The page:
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Indeed, last month, on the 15th anniversary of the normalization of ties between Washington and Hanoi, the Senate Foreign Relations chairman and great liberal Democrat Sen. John Kerry, said, “Vietnam’s domestic politics are gradually changing, becoming more open and transparent.”

Of course they are. That’s why the Vietnamese arrested Mr. Hoang and Mr. Dinh and all the rest. That’s why they ban all other political parties.

That’s why they rigorously censor the Internet.

That’s why, every Tuesday, the nation’s editors-in-chief troop over to the Information Ministry to be told what they can and can’t write.

Sure, Mr. Kerry, things are getting more open and transparent in Vietnam. And pigs are flying higher, too, you know.

Memo to Hanoi: There is nothing wrong with people getting involved in politics. As President Kennedy said: “Political action is the highest responsibility of a citizen.”

And now the bad news:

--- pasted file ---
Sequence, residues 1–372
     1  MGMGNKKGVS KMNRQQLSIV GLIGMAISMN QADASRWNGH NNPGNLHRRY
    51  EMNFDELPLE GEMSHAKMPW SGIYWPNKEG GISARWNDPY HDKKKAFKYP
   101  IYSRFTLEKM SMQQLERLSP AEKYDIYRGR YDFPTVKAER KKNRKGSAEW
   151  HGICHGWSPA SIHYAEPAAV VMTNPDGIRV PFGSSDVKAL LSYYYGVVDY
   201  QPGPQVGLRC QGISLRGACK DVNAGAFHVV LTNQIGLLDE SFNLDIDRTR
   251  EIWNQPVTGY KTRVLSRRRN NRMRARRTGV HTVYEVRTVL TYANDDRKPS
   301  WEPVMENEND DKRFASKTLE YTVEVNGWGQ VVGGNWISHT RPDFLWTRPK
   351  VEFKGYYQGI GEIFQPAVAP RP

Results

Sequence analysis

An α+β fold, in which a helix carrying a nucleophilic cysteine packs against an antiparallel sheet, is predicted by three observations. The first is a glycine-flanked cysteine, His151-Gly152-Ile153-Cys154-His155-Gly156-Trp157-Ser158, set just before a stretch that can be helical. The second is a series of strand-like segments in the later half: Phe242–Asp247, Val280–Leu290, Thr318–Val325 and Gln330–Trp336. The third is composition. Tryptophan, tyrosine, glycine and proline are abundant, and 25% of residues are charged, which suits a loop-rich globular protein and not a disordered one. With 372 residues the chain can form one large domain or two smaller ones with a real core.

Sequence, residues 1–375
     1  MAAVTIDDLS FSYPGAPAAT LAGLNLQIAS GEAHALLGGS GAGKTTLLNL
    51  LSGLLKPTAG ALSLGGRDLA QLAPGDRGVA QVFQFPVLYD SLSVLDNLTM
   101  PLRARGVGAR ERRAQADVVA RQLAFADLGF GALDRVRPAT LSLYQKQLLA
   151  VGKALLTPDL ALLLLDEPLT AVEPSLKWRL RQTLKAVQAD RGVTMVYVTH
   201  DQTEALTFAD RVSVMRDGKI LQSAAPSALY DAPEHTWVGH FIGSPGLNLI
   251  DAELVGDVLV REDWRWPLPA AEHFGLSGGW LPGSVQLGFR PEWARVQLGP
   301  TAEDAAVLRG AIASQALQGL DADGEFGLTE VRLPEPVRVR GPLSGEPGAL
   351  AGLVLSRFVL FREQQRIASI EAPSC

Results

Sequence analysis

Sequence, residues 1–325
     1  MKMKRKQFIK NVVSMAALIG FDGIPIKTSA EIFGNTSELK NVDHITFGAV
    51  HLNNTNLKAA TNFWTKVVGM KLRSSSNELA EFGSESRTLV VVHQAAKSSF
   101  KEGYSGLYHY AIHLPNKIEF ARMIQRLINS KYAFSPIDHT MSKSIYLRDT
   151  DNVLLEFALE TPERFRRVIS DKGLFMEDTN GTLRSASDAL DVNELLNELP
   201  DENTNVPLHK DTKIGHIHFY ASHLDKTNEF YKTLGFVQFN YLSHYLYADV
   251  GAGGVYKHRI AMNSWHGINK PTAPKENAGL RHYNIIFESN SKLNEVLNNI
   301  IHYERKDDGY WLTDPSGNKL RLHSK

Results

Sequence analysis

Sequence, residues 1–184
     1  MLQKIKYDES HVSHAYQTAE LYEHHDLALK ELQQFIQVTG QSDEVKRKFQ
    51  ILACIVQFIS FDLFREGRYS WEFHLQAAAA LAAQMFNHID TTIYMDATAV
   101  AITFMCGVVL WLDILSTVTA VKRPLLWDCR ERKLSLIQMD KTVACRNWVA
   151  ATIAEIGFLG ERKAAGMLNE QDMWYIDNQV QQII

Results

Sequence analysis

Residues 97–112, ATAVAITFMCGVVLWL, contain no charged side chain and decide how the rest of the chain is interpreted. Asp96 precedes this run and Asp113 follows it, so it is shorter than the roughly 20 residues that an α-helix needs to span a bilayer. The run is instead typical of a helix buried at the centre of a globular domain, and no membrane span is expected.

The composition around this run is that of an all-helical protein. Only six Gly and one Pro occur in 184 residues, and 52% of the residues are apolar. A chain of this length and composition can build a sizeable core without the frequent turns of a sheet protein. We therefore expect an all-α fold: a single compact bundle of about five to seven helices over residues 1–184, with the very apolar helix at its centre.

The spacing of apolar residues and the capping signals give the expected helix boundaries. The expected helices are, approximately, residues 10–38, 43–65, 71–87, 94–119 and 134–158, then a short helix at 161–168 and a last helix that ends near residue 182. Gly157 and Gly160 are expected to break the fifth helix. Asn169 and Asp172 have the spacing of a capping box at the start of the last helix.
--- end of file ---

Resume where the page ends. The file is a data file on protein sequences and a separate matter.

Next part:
Vietnam has a collapsing currency. On Aug. 17, the same day when Mr. Hoang was arrested, Mr. Dung’s government devalued the dong for the third time since November.

After the official 2.1 percent devaluation, the dong plummeted further and was not helped when a government adviser let slip that Vietnam risked a foreign-currency liquidity “shock.”

Its currency has now slumped 5.2 percent this year - the worst performance of 17 monitored Asian currencies.

Vietnam also has racked up a catastrophic trade deficit this year that has nearly doubled to $7.4 billion in the seven months to July.

It also has the world’s worst-performing stock market. The benchmark VN Index has dropped 8.4 percent this month - the most of 93 markets tracked by Bloomberg globally.

Mr. Dung’s communist regime is not only throwing innocent pro-democracy advocates into jail, but it has proved utterly inept at running an economy.

Second memo to the dinosaurs: Consider why, despite social unrest, Thailand’s economy is booming.

The reason lies in last week’s comment by Industry Minister Chaiwuti Bannawat, who said, “The government has a role to play in supporting the private sector, but not leading it. I don’t believe the government is more capable than the private sector.”

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